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Reply 269 of 757, by reenigne

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VileRancour wrote:

I think this should be adjustable, probably as another config file option - games with composite CGA support continued coming out well after that (e.g. Dragon Wars was a 1990 release that did artifacting in 320x200). There's no knowing what developers used, especially if there was an overlap in CGA model availability.

Should it be what the developers used or what the users used that counts?

Either way, I agree with making it a config option.

We don't know for sure what the overlap of card availability was or when the changeover happened, but I think there are roughly equal numbers of old CGA cards out there as new ones now, given that there are 791 results on google.com for CGA 1501981 and 740 for CGA 1501486.

I'm thinking about making some modifications to my 1501486, building a little daughterboard that adds 1501981 composite output so that I can calibrate emulation software against both. The differences are fairly simple - the daughterboard would consist of 3 ICs, 10 resistors, a transistor and a couple of decoupling capacitors. A modification to add a 1501486 output to a 1501981 would be extremely similar.

Reply 270 of 757, by VileR

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reenigne wrote:

Should it be what the developers used or what the users used that counts?

Either way, I agree with making it a config option.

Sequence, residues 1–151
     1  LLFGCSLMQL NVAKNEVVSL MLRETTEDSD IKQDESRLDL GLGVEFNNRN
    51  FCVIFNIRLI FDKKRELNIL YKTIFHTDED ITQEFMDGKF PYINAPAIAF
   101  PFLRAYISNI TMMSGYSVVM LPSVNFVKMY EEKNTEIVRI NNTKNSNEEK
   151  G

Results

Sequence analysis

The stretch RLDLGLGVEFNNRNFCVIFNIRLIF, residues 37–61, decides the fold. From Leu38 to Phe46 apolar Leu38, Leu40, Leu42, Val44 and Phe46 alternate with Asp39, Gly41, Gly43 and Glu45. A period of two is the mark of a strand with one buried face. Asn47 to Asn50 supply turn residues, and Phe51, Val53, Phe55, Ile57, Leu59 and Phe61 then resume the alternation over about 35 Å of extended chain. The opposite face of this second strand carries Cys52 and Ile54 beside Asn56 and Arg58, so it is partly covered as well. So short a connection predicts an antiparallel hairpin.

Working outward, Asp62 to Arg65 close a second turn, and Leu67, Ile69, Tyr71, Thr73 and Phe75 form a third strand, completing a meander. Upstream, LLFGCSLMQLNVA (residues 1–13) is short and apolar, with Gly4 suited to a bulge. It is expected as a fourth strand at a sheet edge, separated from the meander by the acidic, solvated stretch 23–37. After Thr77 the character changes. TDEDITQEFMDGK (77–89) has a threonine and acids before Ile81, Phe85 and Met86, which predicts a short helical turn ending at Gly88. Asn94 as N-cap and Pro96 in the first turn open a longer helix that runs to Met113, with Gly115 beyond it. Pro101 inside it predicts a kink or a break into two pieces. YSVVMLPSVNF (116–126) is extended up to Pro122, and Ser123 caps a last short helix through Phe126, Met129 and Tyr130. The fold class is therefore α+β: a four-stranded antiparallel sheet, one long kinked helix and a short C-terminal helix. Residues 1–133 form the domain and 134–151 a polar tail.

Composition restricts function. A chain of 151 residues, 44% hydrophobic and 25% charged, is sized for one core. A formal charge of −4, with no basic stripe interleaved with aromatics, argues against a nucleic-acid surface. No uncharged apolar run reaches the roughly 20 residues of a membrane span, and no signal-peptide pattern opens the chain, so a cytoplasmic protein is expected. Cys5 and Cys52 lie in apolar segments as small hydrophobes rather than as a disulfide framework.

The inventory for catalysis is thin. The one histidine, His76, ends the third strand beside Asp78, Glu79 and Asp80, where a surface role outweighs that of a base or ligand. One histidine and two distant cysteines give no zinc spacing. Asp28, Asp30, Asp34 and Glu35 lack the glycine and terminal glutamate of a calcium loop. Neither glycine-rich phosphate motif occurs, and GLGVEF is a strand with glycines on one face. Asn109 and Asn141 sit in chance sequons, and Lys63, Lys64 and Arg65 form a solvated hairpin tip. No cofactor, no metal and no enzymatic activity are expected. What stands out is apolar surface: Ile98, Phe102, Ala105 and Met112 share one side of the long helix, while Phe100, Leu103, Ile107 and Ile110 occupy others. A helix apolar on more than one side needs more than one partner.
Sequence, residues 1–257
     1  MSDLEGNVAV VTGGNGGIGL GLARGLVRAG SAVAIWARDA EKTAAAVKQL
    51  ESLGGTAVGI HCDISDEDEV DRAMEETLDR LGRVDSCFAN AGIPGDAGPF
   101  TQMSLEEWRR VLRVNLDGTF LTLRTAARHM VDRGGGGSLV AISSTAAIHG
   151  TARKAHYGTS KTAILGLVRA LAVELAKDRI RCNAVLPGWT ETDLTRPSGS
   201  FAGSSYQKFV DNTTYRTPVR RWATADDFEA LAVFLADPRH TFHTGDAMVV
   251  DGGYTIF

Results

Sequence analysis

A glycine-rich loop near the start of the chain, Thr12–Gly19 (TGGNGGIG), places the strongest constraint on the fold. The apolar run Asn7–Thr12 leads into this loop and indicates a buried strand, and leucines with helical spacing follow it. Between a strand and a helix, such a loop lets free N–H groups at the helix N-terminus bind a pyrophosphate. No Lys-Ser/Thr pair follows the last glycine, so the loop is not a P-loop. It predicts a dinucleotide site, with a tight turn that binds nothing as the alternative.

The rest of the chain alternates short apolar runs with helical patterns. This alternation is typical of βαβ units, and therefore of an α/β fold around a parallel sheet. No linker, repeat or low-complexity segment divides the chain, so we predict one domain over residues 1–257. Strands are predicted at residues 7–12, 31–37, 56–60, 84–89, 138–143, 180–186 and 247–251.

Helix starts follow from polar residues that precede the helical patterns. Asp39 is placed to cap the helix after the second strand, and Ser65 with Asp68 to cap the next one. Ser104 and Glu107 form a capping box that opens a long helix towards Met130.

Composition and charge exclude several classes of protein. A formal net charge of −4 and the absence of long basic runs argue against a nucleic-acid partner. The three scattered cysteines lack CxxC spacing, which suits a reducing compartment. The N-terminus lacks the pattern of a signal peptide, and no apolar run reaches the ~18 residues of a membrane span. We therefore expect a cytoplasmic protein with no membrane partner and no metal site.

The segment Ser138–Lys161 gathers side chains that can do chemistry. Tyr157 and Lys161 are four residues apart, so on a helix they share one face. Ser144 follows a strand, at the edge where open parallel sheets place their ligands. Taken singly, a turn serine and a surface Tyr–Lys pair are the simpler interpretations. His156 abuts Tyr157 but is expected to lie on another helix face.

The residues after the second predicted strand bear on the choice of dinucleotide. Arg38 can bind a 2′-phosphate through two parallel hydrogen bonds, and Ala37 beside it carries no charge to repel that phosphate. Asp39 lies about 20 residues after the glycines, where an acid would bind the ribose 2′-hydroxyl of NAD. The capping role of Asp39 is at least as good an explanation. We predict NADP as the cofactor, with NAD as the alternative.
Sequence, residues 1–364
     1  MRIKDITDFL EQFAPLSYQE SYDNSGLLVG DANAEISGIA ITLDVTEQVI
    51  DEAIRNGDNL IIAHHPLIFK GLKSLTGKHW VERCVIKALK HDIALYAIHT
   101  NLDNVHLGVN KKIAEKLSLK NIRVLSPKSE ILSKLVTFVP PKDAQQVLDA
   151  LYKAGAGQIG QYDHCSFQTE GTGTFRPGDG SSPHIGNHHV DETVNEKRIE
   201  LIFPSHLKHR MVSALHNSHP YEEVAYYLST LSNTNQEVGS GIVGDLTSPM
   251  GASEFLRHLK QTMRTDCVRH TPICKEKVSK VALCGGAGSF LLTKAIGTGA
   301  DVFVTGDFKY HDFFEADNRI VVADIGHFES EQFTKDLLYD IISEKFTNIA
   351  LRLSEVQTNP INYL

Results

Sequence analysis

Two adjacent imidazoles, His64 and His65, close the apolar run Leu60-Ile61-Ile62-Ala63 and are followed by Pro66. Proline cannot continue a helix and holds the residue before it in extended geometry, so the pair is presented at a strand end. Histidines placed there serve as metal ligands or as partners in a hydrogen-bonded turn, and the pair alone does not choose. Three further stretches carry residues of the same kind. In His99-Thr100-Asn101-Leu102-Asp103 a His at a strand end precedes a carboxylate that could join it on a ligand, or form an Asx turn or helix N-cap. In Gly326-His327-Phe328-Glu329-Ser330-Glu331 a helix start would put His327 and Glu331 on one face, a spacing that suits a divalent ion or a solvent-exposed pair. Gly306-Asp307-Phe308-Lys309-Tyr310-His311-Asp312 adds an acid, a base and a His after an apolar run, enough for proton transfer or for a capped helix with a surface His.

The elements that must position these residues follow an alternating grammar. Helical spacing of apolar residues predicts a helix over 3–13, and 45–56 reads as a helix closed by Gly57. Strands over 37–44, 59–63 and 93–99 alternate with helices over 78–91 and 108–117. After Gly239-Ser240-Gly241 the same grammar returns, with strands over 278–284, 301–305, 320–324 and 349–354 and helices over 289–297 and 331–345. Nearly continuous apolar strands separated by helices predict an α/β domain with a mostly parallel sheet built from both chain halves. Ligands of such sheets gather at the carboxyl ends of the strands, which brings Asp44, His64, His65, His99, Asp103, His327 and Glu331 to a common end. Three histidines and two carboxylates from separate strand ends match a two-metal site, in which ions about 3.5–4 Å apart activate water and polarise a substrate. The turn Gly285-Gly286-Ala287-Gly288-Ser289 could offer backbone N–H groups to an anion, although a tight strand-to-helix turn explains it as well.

True - users may simply want to reproduce what they had "back then", and having the option available is another preventative measure against "hey, the colors are all wrong".

I'm thinking about making some modifications to my 1501486, building a little daughterboard that adds 1501981 composite output so that I can calibrate emulation software against both. The differences are fairly simple - the daughterboard would consist of 3 ICs, 10 resistors, a transistor and a couple of decoupling capacitors. A modification to add a 1501486 output to a 1501981 would be extremely similar.

Interesting - I'd be curious to hear the results of that.

By the way, despite what I wrote earlier, I was able to refactor your code for DOSBox's current precalculation approach (forcing real Y values for the 16 artifact colors), and the results look a lot better than I expected... edge blending is indeed inaccurate, and it gets real bad in certain special cases, though acceptable in most others.
Will post the patch and some screenshots later.

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Reply 272 of 757, by NewRisingSun

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reenigne wrote:

path A (master clock to pixel clock) than there are on path B (master clock to color burst/chroma yellow flip-flop)

Which reminds me: the CGA wikipedia article painfully needs updating in this regard. At least the 1501981 (haven't checked the earlier schematics) bases both the pixel clock and the color burst on the OSC signal (pin B30 in IO PORT becoming +14 MHz on sheets 3, 4 and 5, with S174 U4/U5 dividing this to produce the 7 MHz, 3.58 MHz and the other clock signals). The CLK signal (pin B20 in IO PORT) seems to only clock data input/output to the 6845. Because pixel clock and color burst are derived from the same source, the color adjust trimpot on the host system's main board could not possibly cause a phase difference. This was already experimentally found, but should be explained from the schematic as well. Has it been confirmed what the trimmer actually does?

reenigne wrote:

I think this is because of logic delays - each 74LSxx series gate introduces a delay of perhaps 10ns, which is a small but noticable hue shift.

It would be interesting to trace the signal path on a Tandy 1000 to find out why the artifact color hues are so off.

reenigne wrote:

I'll try to calibrate my NTSC decoder against my CGA card (something I've been meaning to do anyway)